Munoz et al v. Federal National Mortgage Association et al

Filing 35

ORDER that Plaintiffs' Motion to Remand (Doc. 27 ) is denied. Signed by Judge G Murray Snow on 7/14/2014.(KMG)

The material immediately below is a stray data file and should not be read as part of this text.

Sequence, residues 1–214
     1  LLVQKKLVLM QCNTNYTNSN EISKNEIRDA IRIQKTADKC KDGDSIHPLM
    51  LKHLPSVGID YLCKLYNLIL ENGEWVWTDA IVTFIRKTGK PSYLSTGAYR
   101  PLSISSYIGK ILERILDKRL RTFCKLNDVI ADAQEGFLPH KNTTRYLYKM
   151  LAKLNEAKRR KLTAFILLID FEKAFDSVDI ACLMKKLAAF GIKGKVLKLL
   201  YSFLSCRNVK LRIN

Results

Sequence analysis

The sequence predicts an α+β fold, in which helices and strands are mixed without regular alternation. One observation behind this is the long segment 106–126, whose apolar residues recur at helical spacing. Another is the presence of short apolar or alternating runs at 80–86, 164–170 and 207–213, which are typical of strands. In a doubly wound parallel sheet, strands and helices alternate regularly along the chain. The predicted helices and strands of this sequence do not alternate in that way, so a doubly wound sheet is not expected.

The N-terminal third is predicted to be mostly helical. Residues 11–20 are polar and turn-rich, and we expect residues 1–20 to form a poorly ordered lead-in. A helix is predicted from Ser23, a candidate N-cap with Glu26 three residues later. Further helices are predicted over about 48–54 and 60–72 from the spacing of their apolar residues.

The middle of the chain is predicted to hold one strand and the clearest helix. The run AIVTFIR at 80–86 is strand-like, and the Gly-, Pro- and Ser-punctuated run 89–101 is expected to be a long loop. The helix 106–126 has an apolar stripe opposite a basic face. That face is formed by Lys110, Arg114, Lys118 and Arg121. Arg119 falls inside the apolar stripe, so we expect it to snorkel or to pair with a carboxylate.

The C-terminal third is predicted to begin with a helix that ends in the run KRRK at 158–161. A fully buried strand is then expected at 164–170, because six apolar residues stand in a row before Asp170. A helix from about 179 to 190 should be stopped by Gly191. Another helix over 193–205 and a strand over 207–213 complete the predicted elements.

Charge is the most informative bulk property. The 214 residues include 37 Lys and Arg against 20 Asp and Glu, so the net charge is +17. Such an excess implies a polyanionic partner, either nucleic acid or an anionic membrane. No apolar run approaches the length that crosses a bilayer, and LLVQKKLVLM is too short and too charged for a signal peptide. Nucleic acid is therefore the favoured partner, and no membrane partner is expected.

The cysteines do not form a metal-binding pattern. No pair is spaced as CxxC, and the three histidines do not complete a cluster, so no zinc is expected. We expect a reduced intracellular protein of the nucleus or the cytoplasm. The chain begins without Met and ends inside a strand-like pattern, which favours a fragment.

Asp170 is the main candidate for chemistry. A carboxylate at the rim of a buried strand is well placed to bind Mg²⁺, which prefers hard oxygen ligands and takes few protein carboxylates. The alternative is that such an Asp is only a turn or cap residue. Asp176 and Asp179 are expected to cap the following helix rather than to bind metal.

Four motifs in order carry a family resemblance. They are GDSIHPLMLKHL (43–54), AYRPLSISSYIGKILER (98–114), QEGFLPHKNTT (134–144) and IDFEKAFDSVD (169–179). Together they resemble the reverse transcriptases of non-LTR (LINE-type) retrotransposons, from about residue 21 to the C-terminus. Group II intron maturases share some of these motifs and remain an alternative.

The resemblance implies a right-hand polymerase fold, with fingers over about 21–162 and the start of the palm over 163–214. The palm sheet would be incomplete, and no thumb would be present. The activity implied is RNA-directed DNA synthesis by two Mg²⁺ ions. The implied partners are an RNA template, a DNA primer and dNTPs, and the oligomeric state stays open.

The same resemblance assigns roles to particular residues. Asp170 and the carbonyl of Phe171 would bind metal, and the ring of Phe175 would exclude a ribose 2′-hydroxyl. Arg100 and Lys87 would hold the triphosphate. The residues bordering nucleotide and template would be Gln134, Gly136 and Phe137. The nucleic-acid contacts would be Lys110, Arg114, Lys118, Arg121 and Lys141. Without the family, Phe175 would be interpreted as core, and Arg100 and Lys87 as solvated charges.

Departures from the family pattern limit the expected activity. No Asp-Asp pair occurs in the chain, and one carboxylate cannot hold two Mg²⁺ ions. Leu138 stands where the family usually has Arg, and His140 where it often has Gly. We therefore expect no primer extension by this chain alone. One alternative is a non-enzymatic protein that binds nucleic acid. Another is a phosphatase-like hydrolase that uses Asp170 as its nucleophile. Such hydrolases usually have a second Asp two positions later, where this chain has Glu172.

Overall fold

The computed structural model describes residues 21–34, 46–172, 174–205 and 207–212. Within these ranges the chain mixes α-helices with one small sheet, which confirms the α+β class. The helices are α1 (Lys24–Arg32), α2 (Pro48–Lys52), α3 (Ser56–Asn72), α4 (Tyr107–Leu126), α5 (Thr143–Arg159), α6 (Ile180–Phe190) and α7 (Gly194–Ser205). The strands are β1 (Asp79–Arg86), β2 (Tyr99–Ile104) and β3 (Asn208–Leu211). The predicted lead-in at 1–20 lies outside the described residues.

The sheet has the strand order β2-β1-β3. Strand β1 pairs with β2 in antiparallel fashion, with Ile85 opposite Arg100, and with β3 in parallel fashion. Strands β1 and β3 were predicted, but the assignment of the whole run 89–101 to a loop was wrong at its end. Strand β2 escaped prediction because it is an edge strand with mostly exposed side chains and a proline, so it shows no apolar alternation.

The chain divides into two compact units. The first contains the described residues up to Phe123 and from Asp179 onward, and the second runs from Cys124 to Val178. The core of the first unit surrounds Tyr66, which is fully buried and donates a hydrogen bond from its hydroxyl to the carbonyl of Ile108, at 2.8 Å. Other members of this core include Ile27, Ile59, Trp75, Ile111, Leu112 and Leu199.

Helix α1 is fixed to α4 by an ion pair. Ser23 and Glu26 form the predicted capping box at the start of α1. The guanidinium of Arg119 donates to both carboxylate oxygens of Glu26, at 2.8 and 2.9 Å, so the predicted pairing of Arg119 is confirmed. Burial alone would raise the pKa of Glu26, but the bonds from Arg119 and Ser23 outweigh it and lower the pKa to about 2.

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1 WO 2 3 4 5 6 IN THE UNITED STATES DISTRICT COURT 7 FOR THE DISTRICT OF ARIZONA 8 9 George Munoz; Magda Reyes, 10 Plaintiffs, No. CV-13-01826-PHX-GMS ORDER 11 v. 12 Federal National Mortgage Association; Bank of America Corporation; Greentree Servicing LLC; Unknown Parties, 13 14 Defendants. 15 16 17 18 Pending before the Court is Plaintiffs’ Motion to Remand. (Doc. 27.) For the following reasons, the Motion is denied. BACKGROUND 19 George Munoz and Magda Reyes brought this action against multiple defendants 20 in state court alleging various causes of actions in relation to their mortgage. (Doc. 1-1.) 21 Defendants Bank of America Corporation and Greentree Servicing LLC removed to this 22 Court based on diversity jurisdiction. (Doc. 1.) In the Petition for Removal, Defendants 23 asserted that the requirements of 28 U.S.C. § 1332(a) were satisfied because there was 24 complete diversity of the parties and the amount in controversy exceeded $75,000. (Id.) 25 In asserting the amount in controversy, the Defendants argued that the Plaintiffs “seek to 26 enjoin the foreclosure” and that the “original principal balance of the loan was 27 $216,000.00.” (Id.) Defendants noted that Plaintiffs also seek “further damages for which 28 they should be monetarily compensated.” (Id.) 1 Plaintiffs now move for remand back to state court alleging that the amount in 2 controversy requirement is not met because the “the relief requested, and promised by 3 counsel for Green Tree, will cost defendants literally nothing.” (Doc. 27 at 2.) 4 DISCUSSION 5 “[A]ny civil action brought in a State court of which the district courts of the 6 United States have original jurisdiction, may be removed by the defendant or the 7 defendants, to the district court of the United States for the district and division 8 embracing the place where such action is pending.” 28 U.S.C. § 1441(a). A party may 9 remove an action from state court only if the action could have been brought in the 10 district court originally. Ramirez v. Fox Television Station, Inc., 998 F.2d 743, 747 (9th 11 Cir. 1993). The Court has diversity jurisdiction over an action in which the parties are not 12 citizens of the same state and “the matter in controversy exceeds the sum or value of 13 $75,000, exclusive of interest and costs.” 28 U.S.C. § 1332(a). 14 The party asserting federal jurisdiction has the burden of proof on a motion to 15 remand to state court. Gaus v. Miles, Inc., 980 F.2d 564, 566 (9th Cir. 1992). That party 16 must establish the amount in controversy by a preponderance of the evidence. Cohn v. 17 Petsmart, Inc., 281 F.3d 837, 839 (9th Cir. 2002). The removal statute is strictly 18 construed against removal jurisdiction. Id. (citing Emrich v. Touche Ross & Co., 846 F.2d 19 1190, 1195 (9th Cir. 1988)). There is a “strong presumption” against removal 20 jurisdiction, and “[f]ederal jurisdiction must be rejected if there is any doubt as to the 21 right of removal in the first instance.” Id. 22 Defendants assert that the diversity of citizenship requirement is met and Plaintiffs 23 concede that the only basis for their Motion to Remand is their argument that the amount 24 in controversy requirement is not met. In regard to the amount in controversy, Plaintiffs 25 argue in their motions that they only seek a loan modification or novation of their loan. 26 They argue that this will cost Defendants nothing and in fact is required under federal 27 programs to save Defendants money. However, this Court must determine the amount in 28 controversy based on the relief sought in the complaint and not on the relief that the -2- 1 parties may be pursuing in their settlement talks. In the Amended Complaint, Plaintiffs 2 do not seek a compelled loan modification or novation. Plaintiffs assert monetary 3 damages and request injunctive relief. For the following reasons, Defendants have shown 4 by a preponderance of the evidence that the amount in controversy is met by both the 5 aggregate monetary damages sought and the value of the injunctive relief. 6 Plaintiffs assert thirteen causes of action, and for each of those counts except for 7 Count Eleven, Plaintiffs assert that they were damaged in an amount that exceeds the 8 jurisdictional minimum. Defendants argue that this concession is enough to establish the 9 amount in controversy. See Lowdermilk v. U.S. Bank Nat’l Ass’n, 479 F.3d 994, 998 (9th 10 Cir. 2007) (“[I]f the complaint alleges damages in excess of the federal amount-in- 11 controversy requirement, then the amount-in-controversy requirement is presumptively 12 satisfied unless ‘it appears to a “legal certainty” that the claim is actually for less than the 13 jurisdictional minimum.’”), implied overruling in part recognized by Rodriguez v. AT & 14 T Mobility Servs. LLC, 728 F.3d 975, 977 (9th Cir. 2013) (noting that the preponderance 15 of the evidence and not a legal certainty is the proper standard after Standard Fire Ins. 16 Co. v. Knowles, 133 S. Ct. 1345 (2013)). Plaintiffs argue that their allegations about the 17 jurisdictional minimum were in reference to the state-court requirement of $10,000 rather 18 than the federal amount of over $75,000. Assuming that Plaintiffs were merely careless in 19 repeating those assertions in the Amended Complaint that they filed in this Court, the 20 amount in controversy is still plainly met on the face of the Amended Complaint. Even if 21 the amount alleged was only the $10,000 for state court purposes, it is asserted in twelve 22 separate counts, making the total amount in controversy to be in excess of $120,000. 23 Therefore, the aggregate value of the monetary damages sought exceeds $75,000. 24 The injunctive relief sought also satisfies the amount in controversy requirement. 25 Count Ten and Eleven both seek the injunctive relief of estopping Defendants from 26 foreclosing on the home. In actions seeking declaratory relief or injunctive relief, the 27 amount in controversy is measured by the value of the object of the litigation. Cohn, 281 28 F.3d at 840 (citing Hunt v. Wash. State Apple Adver. Comm’n, 432 U.S. 333, 347 (1977)). -3- 1 Plaintiffs do not contest that the original principal balance of the loan was $216,000. 2 Plaintiffs argue instead that the full value of the mortgage has only been considered in 3 actions to invalidate the loan. Although Plaintiffs do not seek invalidation, an injunction 4 against foreclosure would have the same practical effect. If this Court were to enjoin 5 Defendants from foreclosing on the home, they would be damaged in an amount equal to 6 the mortgage on the home because they would no longer have the ability to force the sale 7 of the home in order to cover damages caused by the Plaintiffs’ default. Accordingly, the 8 amount in controversy is met by the value of the injunctive relief requested and by the 9 aggregate value of the monetary damages sought. 10 Plaintiffs argue that removal cannot be based on bare allegations by Defendants 11 that the amount in controversy is met. See, e.g., Gaus v. Miles, Inc., 980 F.2d 564, 567 12 (9th Cir. 1992) (“[D]efendant’s bald recitation that “the amount in controversy exceeds 13 $50,000,” without the defendant identifying any specific factual allegations or provisions 14 in the complaint which might support that proposition, should provoke sua sponte 15 remand.”) Here, there is no such “bald recitation” because Defendants show that the 16 amount in controversy is established by the complaints and exhibits. Defendants only 17 have a burden to prove facts that are not clear from the complaint. See id. at 566–67. 18 19 20 IT IS HEREBY ORDERED that Plaintiffs’ Motion to Remand Court (Doc. 27) is denied. Dated this 14th day of July, 2014. 21 22 23 24 25 26 27 28 -4-